Women at work: Measure of a person is not in the job title
Lynette M. Loomis • February 1, 2009
Job loss. We all read about it. Many of us experience it first-hand or in our family. We go through the stages from denial to reticent acceptance. There are many strategies to cope with job loss, including re-training, networking, relocation, stress management and support groups.
Whether it's called a merger, downsizing, right-sizing or company relocation, the loss of a job can be devastating, particularly when coupled with an economic downturn across the country. Prices are increasing and retirement or emergency savings have dwindled. The traditional folk wisdom of "if you work hard, you will always have a job" has become more folklore than fact.
The loss of a job presents irrefutable financial challenges. There are the practical issues that face us all regarding house and car payments, rising medical costs, college tuition, property taxes and the expenses of daily living. It makes sense to assess your financial situation, develop a search plan and update your resume to help reduce your initial panic. But the anxiety we feel has to do with more than the money. It has a great deal to do with our sense of self, self-confidence, sense of worth and belonging. We may grieve or vacillate between doubt and fierce determination.
We Americans identify ourselves closely with our jobs. At any event, we quickly move past the exchange of names to "Where do you work?" Deadly silence sometimes ensues as we try to find a positive way to say we are looking, searching, revising our resume for every possible scenario and buying endless cups of coffee followed by handwritten thank-you notes while networking.
At a social gathering, I spoke with a delightful woman from England who may eventually move to the United States to be with her adult daughter and family. "But not too soon," she said. "You Americans work too hard. I value my six or seven weeks of holiday. My job is what I do to pay my bills. It is not who I am."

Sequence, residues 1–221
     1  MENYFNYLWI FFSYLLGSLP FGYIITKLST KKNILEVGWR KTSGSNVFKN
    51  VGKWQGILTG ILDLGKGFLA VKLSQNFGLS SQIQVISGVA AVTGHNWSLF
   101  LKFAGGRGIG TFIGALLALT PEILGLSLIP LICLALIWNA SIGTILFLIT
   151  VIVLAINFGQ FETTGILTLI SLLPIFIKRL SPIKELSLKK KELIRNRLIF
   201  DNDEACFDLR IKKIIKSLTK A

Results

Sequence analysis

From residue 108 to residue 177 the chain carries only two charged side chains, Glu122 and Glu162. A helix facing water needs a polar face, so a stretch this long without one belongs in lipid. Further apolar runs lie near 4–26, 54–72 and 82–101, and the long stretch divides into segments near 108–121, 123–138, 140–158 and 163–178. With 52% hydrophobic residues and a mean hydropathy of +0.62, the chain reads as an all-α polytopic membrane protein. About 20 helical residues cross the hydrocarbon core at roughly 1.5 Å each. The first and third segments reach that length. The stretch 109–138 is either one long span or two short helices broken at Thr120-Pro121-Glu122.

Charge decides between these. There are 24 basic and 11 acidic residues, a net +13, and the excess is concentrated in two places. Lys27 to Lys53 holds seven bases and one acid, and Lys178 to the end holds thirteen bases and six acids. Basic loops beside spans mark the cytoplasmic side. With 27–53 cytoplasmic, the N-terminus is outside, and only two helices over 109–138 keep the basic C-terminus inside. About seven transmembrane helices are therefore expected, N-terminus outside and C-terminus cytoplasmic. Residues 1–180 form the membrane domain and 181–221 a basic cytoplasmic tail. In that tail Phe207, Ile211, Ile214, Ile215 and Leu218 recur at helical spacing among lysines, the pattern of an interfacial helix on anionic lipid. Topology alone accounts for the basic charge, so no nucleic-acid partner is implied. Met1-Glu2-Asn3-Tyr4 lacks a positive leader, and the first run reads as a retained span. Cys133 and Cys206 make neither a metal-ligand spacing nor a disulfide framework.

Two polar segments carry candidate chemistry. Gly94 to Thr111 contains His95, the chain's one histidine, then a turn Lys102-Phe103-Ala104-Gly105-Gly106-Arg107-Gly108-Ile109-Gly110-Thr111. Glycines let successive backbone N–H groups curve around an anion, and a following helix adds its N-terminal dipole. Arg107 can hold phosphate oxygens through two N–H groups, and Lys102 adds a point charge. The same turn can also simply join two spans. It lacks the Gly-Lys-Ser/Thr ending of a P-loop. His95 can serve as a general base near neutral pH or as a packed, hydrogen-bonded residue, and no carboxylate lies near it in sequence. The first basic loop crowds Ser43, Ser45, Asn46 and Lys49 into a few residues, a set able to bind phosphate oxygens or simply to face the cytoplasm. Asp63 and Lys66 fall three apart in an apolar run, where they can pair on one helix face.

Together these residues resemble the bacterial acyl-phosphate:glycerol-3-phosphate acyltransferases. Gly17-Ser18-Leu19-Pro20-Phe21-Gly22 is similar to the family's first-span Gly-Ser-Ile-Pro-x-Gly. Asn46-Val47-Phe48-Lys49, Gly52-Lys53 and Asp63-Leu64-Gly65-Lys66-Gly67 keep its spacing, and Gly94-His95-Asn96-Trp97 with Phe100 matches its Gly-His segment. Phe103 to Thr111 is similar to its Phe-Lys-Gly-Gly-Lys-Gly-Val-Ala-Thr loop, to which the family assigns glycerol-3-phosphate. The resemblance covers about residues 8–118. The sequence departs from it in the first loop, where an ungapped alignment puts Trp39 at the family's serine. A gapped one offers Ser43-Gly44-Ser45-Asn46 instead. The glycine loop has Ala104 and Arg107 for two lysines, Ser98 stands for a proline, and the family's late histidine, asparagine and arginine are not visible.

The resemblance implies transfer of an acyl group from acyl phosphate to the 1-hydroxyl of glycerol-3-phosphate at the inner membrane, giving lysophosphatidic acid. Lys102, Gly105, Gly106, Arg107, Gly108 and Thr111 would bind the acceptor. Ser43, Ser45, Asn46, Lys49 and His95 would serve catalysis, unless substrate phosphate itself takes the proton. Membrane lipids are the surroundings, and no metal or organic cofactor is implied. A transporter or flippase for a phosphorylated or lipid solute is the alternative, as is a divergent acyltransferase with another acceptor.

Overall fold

The logic of this would appear to be straightforward. We are people, not job titles and job descriptions. Our competitiveness and the seeming status of who can work the hardest, stay at the office the longest and return e-mail messages at 3 a.m. suggests that we have carried the Puritan work ethic a bit too far. And perhaps we hide behind our work rather than develop our skills as true friends, good neighbors or contributors to the well-being of others. In other words, perhaps we have lost sight of the fuller meaning of who we are.
When we reflect on our lives, we rarely measure ourselves against the accomplishments we put on a resume with documented measures of successes against benchmarks and goals. More typically, we reflect upon who we are as people and the various roles we held as parents or family members, good friends or volunteers. In our eulogy, we hope that speakers will reminisce about our sense of humor, courage, unfailing integrity or commitment to a spiritual life. Perhaps we were the ones who could always be counted on in a crisis or to share in a celebration. Or helped someone find his true calling in life or supported him in a time of self-doubt with boundless encouragement.
As Rochesterians seek new ways to support themselves financially, perhaps we could be kinder to ourselves and our unemployed friends. We could embrace our humanity, celebrate our uniqueness and develop a sense of self and confidence that survives our employment status.
Lynette M. Loomis is president of Your Best Life Coaching LLC. Contact her at www.yourbestlifecoaching.com or (585) 624-1300.